St Louis couple Mark and Patricia McCloskey to join RNC after Trump's support over BLM protester clash

THE St Louis couple who pointed their guns at BLM protesters outside their home are set to speak in support of Trump at the Republican National Convention next week.

Mark and Patricia McCloskey will appear virtually after the couple came to national attention for brandishing their firearms at racial justice protesters in June.

A Trump adviser confirmed their participation, as reported by The Washington Post.

The McCloskeys have always claimed they were protecting themselves from protesters marching on their private street after they were charged with one felony count of unlawful use of a weapon.

The couple, both personal injury attorneys, said they feared the crowd was going to kill them and burn down their home.

They compared their house being burned down to the "storming of the Bastille."


The incident caught the attention of Trump, who accused the prosecutor that charged the couple with felony unlawful use of a weapon of using “an extreme abuse of power.”

The charges were slammed by both Trump and Missouri Republican Governor Mike Parson who said he will likely pardon the couple.

At the time, Trump said it’s “absolutely absurd what is happening to the McCloskeys,” according to White House Press Secretary Kayleigh McEnany.

"When you look at St Louis and the two people coming out, they were going to be beat up badly if they were lucky – if they were lucky, okay," Trump told Townhall's Katie Pavlich.

"And the house was going to be totally ransacked and probably burned down like they were trying to burn down churches.

"And these people were standing there, never used it, and they were legal, the weapons.

"And now I understand somebody local, they want to prosecute these people," he added. "It's a disgrace."

Trump has since been critical of their treatment and has spoken out in defense of the couple.

Missouri Republican Attorney General Eric Schmitt filed a brief asking that the charges be dismissed under the state’s “castle doctrine,” which allows homeowners to protect their property with deadly force if necessary.

Schmitt called the charges “a chilling effect on Missourians’ exercising the right to self-defense.”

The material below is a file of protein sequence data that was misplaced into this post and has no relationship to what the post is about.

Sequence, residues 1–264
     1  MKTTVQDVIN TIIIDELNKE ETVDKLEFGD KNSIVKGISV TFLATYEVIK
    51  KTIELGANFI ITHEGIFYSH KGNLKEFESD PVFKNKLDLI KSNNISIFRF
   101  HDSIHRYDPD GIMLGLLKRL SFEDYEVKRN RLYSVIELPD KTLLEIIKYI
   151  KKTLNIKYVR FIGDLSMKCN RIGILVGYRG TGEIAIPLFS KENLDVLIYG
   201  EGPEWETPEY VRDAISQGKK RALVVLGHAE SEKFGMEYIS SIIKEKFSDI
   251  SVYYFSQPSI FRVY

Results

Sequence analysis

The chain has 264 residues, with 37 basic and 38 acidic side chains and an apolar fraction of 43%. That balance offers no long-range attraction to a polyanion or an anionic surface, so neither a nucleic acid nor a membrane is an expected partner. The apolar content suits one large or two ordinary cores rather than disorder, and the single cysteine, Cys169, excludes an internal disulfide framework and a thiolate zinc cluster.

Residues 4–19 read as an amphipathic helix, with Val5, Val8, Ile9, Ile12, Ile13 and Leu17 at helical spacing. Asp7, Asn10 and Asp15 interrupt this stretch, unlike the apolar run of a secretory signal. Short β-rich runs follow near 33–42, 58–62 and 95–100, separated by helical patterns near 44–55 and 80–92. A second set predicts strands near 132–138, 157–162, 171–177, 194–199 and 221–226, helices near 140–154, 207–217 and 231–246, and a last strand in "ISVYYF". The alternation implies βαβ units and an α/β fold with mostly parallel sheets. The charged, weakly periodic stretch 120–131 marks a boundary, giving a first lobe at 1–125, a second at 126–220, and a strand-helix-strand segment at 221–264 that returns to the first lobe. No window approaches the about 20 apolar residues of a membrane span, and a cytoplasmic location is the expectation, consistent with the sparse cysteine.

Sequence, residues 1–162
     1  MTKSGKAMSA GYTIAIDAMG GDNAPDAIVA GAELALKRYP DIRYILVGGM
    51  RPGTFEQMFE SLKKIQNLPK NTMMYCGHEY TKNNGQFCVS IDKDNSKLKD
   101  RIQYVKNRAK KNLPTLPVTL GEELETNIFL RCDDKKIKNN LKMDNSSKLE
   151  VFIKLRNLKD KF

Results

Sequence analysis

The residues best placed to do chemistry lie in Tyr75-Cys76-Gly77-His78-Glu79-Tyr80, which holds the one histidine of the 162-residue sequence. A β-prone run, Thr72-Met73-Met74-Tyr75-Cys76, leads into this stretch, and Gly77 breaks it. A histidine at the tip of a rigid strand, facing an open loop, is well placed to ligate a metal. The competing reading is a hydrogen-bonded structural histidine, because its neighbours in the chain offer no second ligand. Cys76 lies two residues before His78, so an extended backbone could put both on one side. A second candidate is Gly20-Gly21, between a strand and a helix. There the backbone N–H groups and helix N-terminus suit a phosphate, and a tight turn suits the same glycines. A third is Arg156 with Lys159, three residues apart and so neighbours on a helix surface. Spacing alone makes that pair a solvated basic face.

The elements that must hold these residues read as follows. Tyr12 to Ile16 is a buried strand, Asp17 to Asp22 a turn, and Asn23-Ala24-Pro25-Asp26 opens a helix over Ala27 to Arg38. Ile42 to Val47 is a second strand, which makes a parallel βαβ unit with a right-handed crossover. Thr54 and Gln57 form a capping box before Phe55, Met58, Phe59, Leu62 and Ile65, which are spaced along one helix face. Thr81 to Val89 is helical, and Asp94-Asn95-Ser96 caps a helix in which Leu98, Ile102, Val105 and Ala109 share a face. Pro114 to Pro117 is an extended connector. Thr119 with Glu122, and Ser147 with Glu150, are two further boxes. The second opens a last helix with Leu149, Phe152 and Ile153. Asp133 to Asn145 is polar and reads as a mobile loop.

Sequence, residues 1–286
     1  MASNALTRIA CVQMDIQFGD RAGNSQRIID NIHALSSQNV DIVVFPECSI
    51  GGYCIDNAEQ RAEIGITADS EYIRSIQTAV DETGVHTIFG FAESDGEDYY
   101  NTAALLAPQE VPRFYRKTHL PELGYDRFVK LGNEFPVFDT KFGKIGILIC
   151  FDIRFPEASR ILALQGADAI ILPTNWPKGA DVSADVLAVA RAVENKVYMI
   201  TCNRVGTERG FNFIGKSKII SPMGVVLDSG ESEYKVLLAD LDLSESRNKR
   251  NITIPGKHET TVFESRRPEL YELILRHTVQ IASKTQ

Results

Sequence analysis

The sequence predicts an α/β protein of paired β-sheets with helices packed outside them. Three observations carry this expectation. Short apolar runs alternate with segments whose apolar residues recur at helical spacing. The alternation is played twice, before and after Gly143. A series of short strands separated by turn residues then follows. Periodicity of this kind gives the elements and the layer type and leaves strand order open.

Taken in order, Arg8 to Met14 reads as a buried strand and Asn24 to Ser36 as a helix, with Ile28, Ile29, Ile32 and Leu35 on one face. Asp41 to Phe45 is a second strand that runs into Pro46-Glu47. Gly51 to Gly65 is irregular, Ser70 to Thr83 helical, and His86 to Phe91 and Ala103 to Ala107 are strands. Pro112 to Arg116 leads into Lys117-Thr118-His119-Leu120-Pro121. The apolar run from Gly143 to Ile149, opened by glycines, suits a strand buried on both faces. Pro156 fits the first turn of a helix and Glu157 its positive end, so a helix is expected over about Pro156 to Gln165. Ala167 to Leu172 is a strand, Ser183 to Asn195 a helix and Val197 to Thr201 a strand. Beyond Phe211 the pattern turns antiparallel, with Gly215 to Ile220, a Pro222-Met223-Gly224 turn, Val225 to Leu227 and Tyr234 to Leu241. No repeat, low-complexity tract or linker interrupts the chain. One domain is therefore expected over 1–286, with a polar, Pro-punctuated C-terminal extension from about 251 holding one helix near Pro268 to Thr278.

The demonstration on June 28 was among many in St. Louis and across the country in the nearly two months since George Floyd's death in Minneapolis.

A police report said the couple heard a commotion and saw people break an iron gate marked with “No Trespassing” and “Private Street” signs. A protest leader, the Rev. Darryl Gray, says the gate was open and protesters didn’t damage it.

The probable statement said that after Mark McCloskey came out with his rifle, his wife emerged, yelling at protesters to “go” and pointing her gun at them.

Protesters feared “being injured due to Patricia McCloskey’s finger being on the trigger, coupled with her excited demeanor,” the statement said.

Parson defended the McCloskeys.

“If you had a mob coming toward us, whether they tore down a gate or not, when they come on your property, they don’t have a right to do that in an aggressive manner,” Parson previously said on "The Sean Hannity Show" on Fox News.

A Democratic lawmaker who was at the protest said in a previous statement that no one stepped onto the McCloskeys’ property or threatened them.

“Contrary to what Gov. Parson said … on The Hannity Show, we were not some bloodthirsty, rampaging mob,” state Rep. Rasheen Aldridge said.

“We practiced peaceful civil disobedience and had the threat of violence imposed upon us. His dishonest hypocrisy about the events of that night show he has no interest actual justice, only in exploiting this situation to mobilize his base."

The formal nominations of President Trump and Vice President Mike Pence will take place in the Richardson Ballroom at the Charlotte Convention Center on Monday, August 24.

The Republican National Convention then take place between August 24 and August 27 and will be virtual due to the ongoing coronavirus pandemic.

Republicans will aim to recast the story of Trump’s presidency, featuring speakers drawn from everyday life as well as cable news and the White House.

Trump is looking to shift his campaign away from being a referendum on a presidency ravaged by a pandemic and economic collapse and toward a choice between vastly different visions of America’s future.

Trump currently trails in public and private surveys as the coronavirus continues to ravage the nation’s economy and his reelection chances.

The four-day event is themed “Honoring the Great American Story,” according to four Trump campaign officials involved with the planning process.

The convention will feature prominently a number of well-known Trump supporters, including members of the Trump family, but also those whom the GOP say are members of the “silent majority” of Americans who have been aided by Trump’s policies.

Trump also appears intent on trying to seize on the nation’s cultural divides, particularly around issues of racial injustice and policing, drawing on grievances to motivate his base.

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